Dipoto has already done plenty. He added three key relievers in 22 days, sending Ernesto Frieri to the Pirates for Jason Grilli on June 27, acquiring lefty specialist Joe Thatcher from the D-backs in a four-player trade on July 5 and shipping four prospects to the Padres for closer Huston Street on July 19.
With that, the Angels' bullpen went from a primary concern to a formidable strength.
But winning a division has been at a premium since the addition of a second Wild Card, and the first-place A's have shown no signs of slowing down. The Halos have made it clear, through offseason signings and recent trades, that they're all about winning now.
And that raises the following question:
Will the Angels -- and should they -- add a starting pitcher?
Speaking in generalities, Dipoto said the front office "will stay in touch with what's happening in the market, because you never know what's going to happen and you have to be aware," but he also added that the Halos "don't have any single or specific need to go out and look for right now."
They inquired on Rays ace David Price, but they couldn't offer up the package of prospects that would get a deal done. They expressed interest in Ian Kennedy of the Padres, but there wasn't a match there, either. And now they're at a point where they don't believe acquiring a starting pitcher via trade before Thursday is either realistic or altogether pressing.
The Angels still have roughly $15 million of wiggle room before surpassing the luxury-tax threshold, but they're hesitant to part with more prospects from an already-thin farm system and they won't bother trading for a starter who isn't a definite upgrade over any of the six they currently have.
"I think that's right," Dipoto said of the latter point.
Garrett Richards is enjoying a breakout season at age 26, going 11-3 with a 2.62 ERA in 21 starts, and staff stalwart Jered Weaver has allowed just six runs in his last 23 innings, dropping his ERA to 3.36.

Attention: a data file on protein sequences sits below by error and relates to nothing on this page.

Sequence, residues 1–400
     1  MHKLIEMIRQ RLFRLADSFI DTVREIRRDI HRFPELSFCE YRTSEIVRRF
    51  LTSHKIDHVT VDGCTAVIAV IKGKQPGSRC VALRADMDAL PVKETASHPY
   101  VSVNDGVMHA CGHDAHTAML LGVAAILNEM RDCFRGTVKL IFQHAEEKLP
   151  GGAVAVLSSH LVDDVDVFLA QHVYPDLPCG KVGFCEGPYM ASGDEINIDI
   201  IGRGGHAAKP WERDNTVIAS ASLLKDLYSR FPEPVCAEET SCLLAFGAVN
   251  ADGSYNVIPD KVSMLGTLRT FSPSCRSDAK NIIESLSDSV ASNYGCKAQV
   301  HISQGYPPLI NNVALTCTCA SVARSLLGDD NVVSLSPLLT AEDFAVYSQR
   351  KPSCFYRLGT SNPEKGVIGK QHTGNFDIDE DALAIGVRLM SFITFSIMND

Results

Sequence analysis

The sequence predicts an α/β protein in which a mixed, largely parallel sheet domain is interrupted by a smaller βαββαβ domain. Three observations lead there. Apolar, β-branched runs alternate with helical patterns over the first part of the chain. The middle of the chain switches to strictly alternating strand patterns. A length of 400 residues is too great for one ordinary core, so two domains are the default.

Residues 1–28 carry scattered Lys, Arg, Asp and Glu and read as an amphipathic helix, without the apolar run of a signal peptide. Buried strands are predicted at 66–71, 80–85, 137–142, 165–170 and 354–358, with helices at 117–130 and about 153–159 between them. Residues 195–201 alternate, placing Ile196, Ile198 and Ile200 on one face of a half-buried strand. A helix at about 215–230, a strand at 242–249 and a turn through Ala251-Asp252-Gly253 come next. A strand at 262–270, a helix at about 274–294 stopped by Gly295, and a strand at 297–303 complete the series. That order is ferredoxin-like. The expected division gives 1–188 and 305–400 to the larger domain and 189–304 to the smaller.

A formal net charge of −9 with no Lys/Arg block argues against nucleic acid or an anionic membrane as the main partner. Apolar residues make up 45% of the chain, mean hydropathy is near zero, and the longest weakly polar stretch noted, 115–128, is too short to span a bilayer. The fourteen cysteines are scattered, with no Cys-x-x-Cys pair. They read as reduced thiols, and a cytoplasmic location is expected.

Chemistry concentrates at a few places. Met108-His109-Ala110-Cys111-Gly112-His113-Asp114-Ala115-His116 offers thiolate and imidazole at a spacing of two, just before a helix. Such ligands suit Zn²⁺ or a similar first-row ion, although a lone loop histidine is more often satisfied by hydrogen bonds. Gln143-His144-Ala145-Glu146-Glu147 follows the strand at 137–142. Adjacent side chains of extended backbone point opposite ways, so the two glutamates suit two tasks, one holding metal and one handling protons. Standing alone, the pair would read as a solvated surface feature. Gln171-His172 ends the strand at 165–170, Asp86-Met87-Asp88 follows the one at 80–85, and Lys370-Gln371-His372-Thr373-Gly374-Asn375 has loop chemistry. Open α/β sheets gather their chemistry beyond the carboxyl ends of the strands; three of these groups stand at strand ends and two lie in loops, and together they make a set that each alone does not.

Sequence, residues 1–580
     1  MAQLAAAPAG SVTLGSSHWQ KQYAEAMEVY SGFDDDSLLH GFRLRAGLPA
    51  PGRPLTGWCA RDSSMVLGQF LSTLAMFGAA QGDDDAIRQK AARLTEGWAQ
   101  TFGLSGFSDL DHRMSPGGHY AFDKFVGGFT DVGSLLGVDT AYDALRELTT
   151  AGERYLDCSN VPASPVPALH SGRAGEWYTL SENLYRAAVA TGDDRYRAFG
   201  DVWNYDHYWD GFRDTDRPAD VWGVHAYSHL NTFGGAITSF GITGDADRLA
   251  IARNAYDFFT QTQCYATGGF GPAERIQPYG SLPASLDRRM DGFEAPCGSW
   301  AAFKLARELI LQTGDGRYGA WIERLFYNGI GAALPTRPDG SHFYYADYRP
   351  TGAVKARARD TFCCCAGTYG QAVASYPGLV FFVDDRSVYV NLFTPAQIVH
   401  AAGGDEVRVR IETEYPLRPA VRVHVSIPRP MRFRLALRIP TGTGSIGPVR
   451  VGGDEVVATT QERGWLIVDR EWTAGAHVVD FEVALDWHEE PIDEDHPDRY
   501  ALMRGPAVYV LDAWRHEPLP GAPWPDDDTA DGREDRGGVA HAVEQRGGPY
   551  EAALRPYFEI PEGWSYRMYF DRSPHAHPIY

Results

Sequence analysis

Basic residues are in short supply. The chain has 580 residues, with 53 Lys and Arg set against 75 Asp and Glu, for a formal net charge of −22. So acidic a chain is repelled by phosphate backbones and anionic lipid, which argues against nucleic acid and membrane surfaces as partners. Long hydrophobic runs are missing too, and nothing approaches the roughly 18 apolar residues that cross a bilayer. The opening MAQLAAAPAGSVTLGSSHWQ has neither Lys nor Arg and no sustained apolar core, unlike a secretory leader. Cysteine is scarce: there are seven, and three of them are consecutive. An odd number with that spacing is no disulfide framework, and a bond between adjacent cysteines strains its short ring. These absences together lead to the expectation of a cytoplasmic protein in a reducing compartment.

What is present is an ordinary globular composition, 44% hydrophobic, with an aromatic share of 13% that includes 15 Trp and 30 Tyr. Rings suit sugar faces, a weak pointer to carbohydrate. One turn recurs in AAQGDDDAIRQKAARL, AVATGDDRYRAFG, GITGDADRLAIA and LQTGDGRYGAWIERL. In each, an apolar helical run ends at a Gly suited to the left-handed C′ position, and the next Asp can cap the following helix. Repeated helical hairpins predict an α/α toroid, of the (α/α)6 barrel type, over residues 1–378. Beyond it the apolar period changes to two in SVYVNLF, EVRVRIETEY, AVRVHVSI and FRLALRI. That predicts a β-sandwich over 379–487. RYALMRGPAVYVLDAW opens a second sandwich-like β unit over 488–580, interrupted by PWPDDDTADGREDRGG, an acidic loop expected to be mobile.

Beyond them, though, there are questions.
Matt Shoemaker has filled in beautifully, going 7-2 with a 3.90 ERA in 11 starts, but he's a Minor League journeyman who spent almost all of the last two years mired in Triple-A. Tyler Skaggs has developed quickly, posting a 4.49 ERA in 108 1/3 innings, but he's 23 and in his first full season as a Major League starter. Hector Santiago has impressed since rejoining the team, but the left-hander started the season 0-6 with a 5.19 ERA before temporarily being removed from the rotation.
And then there's C.J. Wilson, rehabbing a sprained right ankle and working to recover from a 10.26 ERA in four starts before landing on the DL.
When Wilson returns -- he's on track for early August -- he may be the Halos' most important player.
"There's no doubt that C.J. Wilson is a very important piece of our rotation," Dipoto said of his No. 2 starter. "For the first 2 1/2 years he's been here, he's been a terrific contributor. We need him to get back to that."
Dipoto has finally executed the blueprint he strived for heading into the 2013 season. With Grilli, Thatcher and Street joining Joe Smith, Kevin Jepsen, Mike Morin and company, he's built a deep bullpen, capable of shortening games and putting far less stress on the starting rotation.
"We've talked about it multiple times since we've been here," the third-year GM said, "and this is the first time we've had the group that can actually do it."
Heading into Tuesday's game in Baltimore, the start of an eight-game road trip against the Orioles, Rays and Dodgers, the Angels ranked second in the Majors in winning percentage and run differential. But they just so happen to play in a division with an A's team that leads the Majors in both those categories; a club that got much stronger with the addition of Jeff Samardzija on July 5 and has a far more favorable schedule the rest of the way.
There are worse scenarios for the Halos, who have missed the playoffs the past four years, but having their season come down to an AL Wild Card Game -- especially one pitched by someone like Felix Hernandez -- certainly wouldn't be an ideal one.
And that's why they're at least keeping their ears open.
"If you think too far ahead, and play for what-ifs and how-tos, you'll talk yourself into bad decisions or moves," Dipoto said. "We've played very well and we've put ourselves in position as a contender. Sure we want to win the division, and that part hasn't changed all year."